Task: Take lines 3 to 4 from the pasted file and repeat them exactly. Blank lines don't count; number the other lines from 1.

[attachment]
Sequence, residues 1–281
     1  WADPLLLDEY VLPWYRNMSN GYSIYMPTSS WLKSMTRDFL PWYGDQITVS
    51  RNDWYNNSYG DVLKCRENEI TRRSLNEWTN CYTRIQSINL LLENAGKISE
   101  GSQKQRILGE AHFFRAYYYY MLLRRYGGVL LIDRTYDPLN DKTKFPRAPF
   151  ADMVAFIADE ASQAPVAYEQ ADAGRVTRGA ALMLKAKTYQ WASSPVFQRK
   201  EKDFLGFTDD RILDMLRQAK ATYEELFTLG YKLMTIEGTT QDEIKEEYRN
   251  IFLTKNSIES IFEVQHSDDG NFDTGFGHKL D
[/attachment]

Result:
    51  RNDWYNNSYG DVLKCRENEI TRRSLNEWTN CYTRIQSINL LLENAGKISE
   101  GSQKQRILGE AHFFRAYYYY MLLRRYGGVL LIDRTYDPLN DKTKFPRAPF